Bellingham man freed from prison after courts overturn his conviction a 2nd time for 1990 murder

Deputy Public Defender Angela Anderson talks to Bruce Hummel during opening arguments in his murder retrial in 2014 in Whatcom Superior Court in Bellingham.
Deputy Public Defender Angela Anderson talks to Bruce Hummel during opening arguments in his murder retrial in 2014 in Whatcom Superior Court in Bellingham. Bellingham Herald file

A Bellingham man found guilty twice of murdering his wife – though both convictions were later overturned – was released from prison Friday afternoon.

This week the state Supreme Court declined to review the case of Bruce Allen Hummel, whose wife, Alice, went missing 26 1/2 years ago. Twice juries convicted him of killing her, covering it up and keeping it a secret over two decades. Twice the state Court of Appeals vacated the guilty verdict.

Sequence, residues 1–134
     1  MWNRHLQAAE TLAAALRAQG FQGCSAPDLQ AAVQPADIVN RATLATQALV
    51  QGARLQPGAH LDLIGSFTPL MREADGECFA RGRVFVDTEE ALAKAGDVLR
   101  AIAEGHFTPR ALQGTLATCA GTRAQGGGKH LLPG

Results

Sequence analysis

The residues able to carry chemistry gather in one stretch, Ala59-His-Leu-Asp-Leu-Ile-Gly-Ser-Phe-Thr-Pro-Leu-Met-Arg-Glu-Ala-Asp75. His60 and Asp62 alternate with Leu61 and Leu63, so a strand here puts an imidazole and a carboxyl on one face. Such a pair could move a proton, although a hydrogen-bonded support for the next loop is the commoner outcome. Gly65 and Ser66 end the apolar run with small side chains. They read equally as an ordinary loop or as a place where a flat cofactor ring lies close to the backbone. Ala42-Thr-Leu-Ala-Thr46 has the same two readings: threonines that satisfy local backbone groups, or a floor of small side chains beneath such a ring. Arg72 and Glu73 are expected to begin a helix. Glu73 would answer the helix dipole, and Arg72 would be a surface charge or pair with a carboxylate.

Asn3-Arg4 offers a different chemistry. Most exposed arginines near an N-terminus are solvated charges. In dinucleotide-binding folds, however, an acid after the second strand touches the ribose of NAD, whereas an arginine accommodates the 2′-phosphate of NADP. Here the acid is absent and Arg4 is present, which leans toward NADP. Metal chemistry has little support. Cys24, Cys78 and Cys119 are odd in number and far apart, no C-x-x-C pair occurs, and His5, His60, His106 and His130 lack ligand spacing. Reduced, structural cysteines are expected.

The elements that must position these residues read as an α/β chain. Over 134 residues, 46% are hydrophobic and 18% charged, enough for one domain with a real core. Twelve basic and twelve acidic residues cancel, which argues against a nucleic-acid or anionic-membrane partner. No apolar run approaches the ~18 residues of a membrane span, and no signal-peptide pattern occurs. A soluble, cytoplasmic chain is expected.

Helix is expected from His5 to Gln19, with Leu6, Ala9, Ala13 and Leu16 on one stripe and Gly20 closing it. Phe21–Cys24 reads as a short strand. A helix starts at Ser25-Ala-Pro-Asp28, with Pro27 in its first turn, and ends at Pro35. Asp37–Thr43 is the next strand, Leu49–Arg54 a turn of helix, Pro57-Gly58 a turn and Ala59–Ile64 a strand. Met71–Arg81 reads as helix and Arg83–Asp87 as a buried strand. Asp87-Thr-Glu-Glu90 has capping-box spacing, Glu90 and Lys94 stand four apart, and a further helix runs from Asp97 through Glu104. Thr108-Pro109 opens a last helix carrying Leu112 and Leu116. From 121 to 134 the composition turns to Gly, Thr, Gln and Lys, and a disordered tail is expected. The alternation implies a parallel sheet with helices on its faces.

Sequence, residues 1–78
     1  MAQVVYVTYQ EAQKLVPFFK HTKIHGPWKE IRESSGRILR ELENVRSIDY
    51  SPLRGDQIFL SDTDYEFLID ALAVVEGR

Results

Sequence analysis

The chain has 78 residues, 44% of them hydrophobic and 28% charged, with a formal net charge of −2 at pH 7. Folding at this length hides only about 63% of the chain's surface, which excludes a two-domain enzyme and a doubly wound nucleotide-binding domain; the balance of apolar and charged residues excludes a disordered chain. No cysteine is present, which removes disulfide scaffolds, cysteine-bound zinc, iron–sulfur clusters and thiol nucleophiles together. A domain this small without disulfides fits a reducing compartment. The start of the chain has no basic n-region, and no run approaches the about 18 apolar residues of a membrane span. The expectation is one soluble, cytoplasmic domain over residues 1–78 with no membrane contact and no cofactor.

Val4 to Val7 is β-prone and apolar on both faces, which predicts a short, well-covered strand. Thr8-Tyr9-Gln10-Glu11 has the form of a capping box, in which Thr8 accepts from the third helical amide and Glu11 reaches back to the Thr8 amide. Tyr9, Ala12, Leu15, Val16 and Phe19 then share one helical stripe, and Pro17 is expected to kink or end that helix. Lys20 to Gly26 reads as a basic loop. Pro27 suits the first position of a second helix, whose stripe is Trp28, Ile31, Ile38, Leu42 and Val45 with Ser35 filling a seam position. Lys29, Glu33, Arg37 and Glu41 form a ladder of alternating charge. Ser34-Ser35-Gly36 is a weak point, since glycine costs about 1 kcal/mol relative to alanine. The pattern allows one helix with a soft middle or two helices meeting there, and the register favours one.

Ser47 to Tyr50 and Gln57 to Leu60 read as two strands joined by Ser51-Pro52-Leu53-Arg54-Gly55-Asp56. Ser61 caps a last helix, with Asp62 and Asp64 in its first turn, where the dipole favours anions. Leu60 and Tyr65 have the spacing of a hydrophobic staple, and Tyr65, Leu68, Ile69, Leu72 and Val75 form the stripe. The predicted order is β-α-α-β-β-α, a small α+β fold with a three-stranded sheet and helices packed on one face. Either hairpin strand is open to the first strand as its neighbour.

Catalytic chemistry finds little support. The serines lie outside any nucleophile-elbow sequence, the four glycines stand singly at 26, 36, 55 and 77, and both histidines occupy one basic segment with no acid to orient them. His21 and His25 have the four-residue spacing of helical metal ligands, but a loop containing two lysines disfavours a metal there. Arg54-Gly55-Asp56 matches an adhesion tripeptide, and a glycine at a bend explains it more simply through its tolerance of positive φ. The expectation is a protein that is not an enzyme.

Hummel maintains his innocence. He served 7 years, 5 months and 23 days in state custody for a crime he says he didn’t commit. Before that, he spent time in federal prison for collecting Alice Hummel’s disability checks, though she hasn’t been seen since October 1990.

Around that time in fall 1990, one of the Hummels’ daughters told her mother that Bruce Hummel had been sexually abusing her. Alice said she’d “take care of it,” according to court records. The girl last saw Alice on the morning of Oct. 18. Hummel explained to her and the other children that Alice had moved out of state for a job. That seemed odd to the girl because she and Alice had plans to go to a ballet Oct. 21 to celebrate her 14th birthday.

None of the Hummel children saw their mother again. Through the 1990s, the girls continued to get Christmas cards, anniversary cards and birthday presents from “Alice.” One Christmas check was signed by Bruce, and a return address in Fort Worth, Texas, was stamped as “not a valid address,” according to court records.